Rhinehessen: The Mineral Soils of Germany's Wine Country

The Rhinehessen region in Germany’s wine country is a study of contrasts. The vast area is planted to just over 28,000 hecters of wine, dominated not by Riesling, but by Muller Thurgau. Ultimately though, this is Germany, and in Germany Riesling is still king. Groebe, Wittman and Straub wineries all share a common bond in this wine region. The minerality of the soil is a constant expression of the wines produced here and the Rhinehessen wines are clean, minimal wines. They also share a family winemaking history that extends hundreds of years.

Walter Straub greeted me at his modest estate, crammed against neighboring wineries like proverbial sardines. His winery, located in the village of Neirstein, has been in his family since 1710. The first and former Straub, a widow with nine children, settled here and planted grapes as a way to help make ends meet. The first recorded sale of wine to consumers however wasn’t until 1864. Twelve generations later, Walter is crafting wine.

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It’s not always easy, farming this region. In 2006 he lost 40 percent of his crop to botrytis. Walter’s wines, including his gruner-veltiner, are restrained, clean wines which express his hillside vineyards rich soil and benefit from their perch overlooking the Rhine River. I’m surprised, and pleased to see a gruner-veltiner on his list, normally the domain of Austria than Germany. “The image of gruner-veltiner is not very high currently,” Walter says. “It was very typical in the 19th Century. But it was pulled out and replaced with Silvaner.”

Silvaner, a tedious grape, produces more yield and, similar to the jug wines of the Central Valley in California, it was an issue of quanitiy over quality. But gruner is on the rise in the States and it’s becoming more and more available by the glass at restaurants and wine shops. His Soil to Soul is made expressly for the U.S. market, a soft easy drinking Riesling with a mild sugar bump for the American consumer. “Styles are ever changing and you need to change your style,” he told me in reference to heavier residual sugar levels demanded by palettes across the globe, most notably American and the UK. Soil to Soul is a mild rielsing with residual C02 left in, for a “fresh and fritzy” style he says. “These are the perfect lunch wines, as they are low in alcohol.” Straub wines are currently in 25 states.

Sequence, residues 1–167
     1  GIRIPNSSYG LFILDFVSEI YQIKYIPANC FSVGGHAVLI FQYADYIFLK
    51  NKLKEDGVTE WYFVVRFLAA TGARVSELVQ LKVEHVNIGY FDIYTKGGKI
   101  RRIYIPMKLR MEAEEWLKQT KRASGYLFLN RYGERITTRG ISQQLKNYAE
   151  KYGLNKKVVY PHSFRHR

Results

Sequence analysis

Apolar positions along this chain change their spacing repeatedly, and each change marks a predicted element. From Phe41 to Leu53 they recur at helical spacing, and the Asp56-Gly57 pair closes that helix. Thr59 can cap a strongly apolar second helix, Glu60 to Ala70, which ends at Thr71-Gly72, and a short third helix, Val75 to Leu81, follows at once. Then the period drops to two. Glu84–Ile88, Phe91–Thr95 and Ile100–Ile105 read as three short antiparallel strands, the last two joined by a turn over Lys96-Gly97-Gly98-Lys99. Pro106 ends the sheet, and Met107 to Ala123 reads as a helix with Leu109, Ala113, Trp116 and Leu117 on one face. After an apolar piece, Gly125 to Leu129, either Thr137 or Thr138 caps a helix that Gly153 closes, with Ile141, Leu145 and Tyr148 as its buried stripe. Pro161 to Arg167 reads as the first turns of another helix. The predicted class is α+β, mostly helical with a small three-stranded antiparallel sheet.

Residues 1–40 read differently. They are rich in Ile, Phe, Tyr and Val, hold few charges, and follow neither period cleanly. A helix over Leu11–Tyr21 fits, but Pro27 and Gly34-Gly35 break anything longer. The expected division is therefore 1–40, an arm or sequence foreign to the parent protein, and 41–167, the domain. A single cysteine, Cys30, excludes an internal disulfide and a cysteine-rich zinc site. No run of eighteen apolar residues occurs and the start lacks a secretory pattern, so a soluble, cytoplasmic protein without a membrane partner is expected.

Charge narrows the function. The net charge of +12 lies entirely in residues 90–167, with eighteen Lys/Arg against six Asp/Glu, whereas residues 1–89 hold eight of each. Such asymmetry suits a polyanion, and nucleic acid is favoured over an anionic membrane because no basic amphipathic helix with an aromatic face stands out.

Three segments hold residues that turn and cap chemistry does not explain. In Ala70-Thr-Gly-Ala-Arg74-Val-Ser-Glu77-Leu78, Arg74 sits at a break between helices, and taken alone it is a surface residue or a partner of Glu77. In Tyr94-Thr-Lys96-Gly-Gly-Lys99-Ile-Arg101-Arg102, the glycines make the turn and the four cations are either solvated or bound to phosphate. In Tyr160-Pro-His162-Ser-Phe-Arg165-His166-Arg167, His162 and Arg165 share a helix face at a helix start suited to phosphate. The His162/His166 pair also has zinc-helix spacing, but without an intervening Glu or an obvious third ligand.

In Westhofen is the Groebe winery headed by Fritz Groebe. He learned winemaking from his father and grandfather and continues the tradition. Though he has a modest tasting room, a few blocks away from his vineyards are his underground cellars, located in the small village. The street is loosely known as “cellar way” and the cellars are 500 years old, back when all the cellars here were used for wine. “I don’t need cooling equipment,” he jokes. Now the majority of these dank underground rooms are used for all types of storage or they remain empty. But descending the 15 steps below the street, the place holds the allure you’d expect: the walls and ceilings are ripe with mold, draping from every inch of wall like a damp, smelly carpet.

Some of his casks predate World War II. And it was during the war, as the allies moved through towns like this one, that Fritz’s grandmother, in an attempt to save some of the wines, hid them in one of the giant casks filled with water. But French soldiers shot up the casks and the wines that could have been passed to Fritz were destroyed. And so many years later the winery still holds its ground. In fact it’s been on this ground since 1763.

For more than 25 years, The California Wine Club founders Bruce and Pam Boring have explored all corners of California’s wine country to find award-winning, handcrafted wine to share with the world. Each month, the club features a different small family winery and hand selects two of their best wines for members.